Palestinian elections are scheduled to be held in less than three
months, but the prime minister of the Palestinian Authority (PA),
Salam Fayyad, isn't concerned about running for office.
Rather, he's set his sights on a longer-term platform:
establishing a Palestinian state by 2011 - a goal he outlined
recently in a clear, well-organized booklet titled "Palestine:
Ending the Occupation, Establishing the State."
"All I'm campaigning for is the two-year statehood program," said
Dr. Fayyad in an interview Sunday. "The idea is unabashedly that two
years down the road, we will have something that will look like a
His office, sleek and ultramodern, seems to capture something of
the man who is trying to save the Palestinian dream from collapse.
And unlike workspace of most Palestinian politicians, the dominant
photo is not a portrait of PA President Mahmoud Abbas or legendary
Palestinian leader Yasser Arafat - but rather, a grand, old olive
tree. It seems fitting that this, the Palestinian symbol of
connection to the land, is what Fayyad sees when he looks up from
His two-year plan that many would deem unreachable seems to be a
riff on the famous quote from the 1989 baseball movie "Field of
Dreams": "If you build it, they will come."
"If we don't build it, who will?" asks Fayyad, enthusiastically.
"We want to build an infrastructure that will aid in ending the
occupation. I view this as a mission, not an occupation," he says.
"You know, the other kind of occupation," he smiles, showing off his
fluid command of English, honed as a PhD student in economics at the
University of Texas.
Fayyad optimistic; Israelis skeptical
A former senior official at the World Bank and the International
Monetary Fund, Fayyad came onto the Palestinian political scene,
somewhat reluctantly, by agreeing to become Yasser Arafat's finance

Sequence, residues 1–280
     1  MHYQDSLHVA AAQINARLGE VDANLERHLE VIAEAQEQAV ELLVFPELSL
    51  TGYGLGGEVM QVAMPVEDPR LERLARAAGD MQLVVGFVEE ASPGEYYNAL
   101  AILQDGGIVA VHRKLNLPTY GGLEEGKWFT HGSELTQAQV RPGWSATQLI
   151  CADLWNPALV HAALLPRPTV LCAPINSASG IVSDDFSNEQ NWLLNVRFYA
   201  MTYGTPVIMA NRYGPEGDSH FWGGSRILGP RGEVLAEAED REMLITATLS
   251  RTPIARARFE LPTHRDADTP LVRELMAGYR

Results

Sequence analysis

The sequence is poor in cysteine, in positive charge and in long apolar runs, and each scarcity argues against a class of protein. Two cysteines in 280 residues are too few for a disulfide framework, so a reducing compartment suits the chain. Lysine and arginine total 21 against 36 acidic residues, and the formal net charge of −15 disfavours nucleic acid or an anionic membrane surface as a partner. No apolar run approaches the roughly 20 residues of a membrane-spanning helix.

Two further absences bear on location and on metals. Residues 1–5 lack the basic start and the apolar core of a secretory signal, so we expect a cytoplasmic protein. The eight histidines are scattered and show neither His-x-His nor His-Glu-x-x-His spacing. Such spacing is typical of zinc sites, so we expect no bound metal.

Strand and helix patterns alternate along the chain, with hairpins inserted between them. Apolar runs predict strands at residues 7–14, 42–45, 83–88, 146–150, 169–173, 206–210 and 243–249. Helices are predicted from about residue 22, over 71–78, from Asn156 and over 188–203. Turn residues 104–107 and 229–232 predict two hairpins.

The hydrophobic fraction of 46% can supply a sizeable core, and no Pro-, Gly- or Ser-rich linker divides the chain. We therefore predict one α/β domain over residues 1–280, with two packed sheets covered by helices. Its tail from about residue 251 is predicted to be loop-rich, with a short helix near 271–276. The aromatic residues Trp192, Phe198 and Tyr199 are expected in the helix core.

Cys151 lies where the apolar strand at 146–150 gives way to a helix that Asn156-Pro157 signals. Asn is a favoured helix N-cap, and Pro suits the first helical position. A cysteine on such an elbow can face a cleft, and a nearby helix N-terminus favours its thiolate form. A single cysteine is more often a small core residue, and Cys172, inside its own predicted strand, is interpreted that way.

minister in 2002. At the time, the Palestinian Authority was mid-
intifada and mired in corruption. Fayyad's international credibility
and economic expertise helped pull the PA back from the brink.
Now, he wants the PA to focus on the nuts and bolts of state-
building, from schools and sewage to building new cities and
affordable housing in the West Bank.
His sweeping plan, laid out in a succinct 50 pages, has become
Fayyad's calling card, and is full of objectives that seem as
optimistic and positive as Fayyad himself. But the plan is already
raising eyebrows in Israel, drawing criticism for its call to
unilateral action in disputed territory. For example, the plan calls
for Palestinian building in "Area C" - a West Bank area populated by
Palestinians but designated as being under Israel's security control
by the Oslo Accords.
Fayyad makes no apologies for that. If Israel can build on the
land over which it is supposed to be negotiating, so can
Palestinians, he says.
"They say it's unilateral, to which I say, 'yes.' This is
something I confess to. It's effective unilateralism," says Fayyad.
"There is another brand of unilateralism exercised by Israel, which
is called settlement building. What I have here is an agenda of
creating positive facts on the ground."
The "facts on the ground" approach is the same one,
interestingly, that Israel used to build settlements in the first
place. But Israel still has the power to knock down buildings
erected without its permission. "Then we'll just build them again,"
says Fayyad, who has an can-do attitude when he talks about his plan
that seems out-of-step with the skepticism that pervades most
Still, he's resigned out of frustration several times in the
past, and each time, President Abbas refused to accept his
resignation. Asked where the optimism comes from, he shrugs. …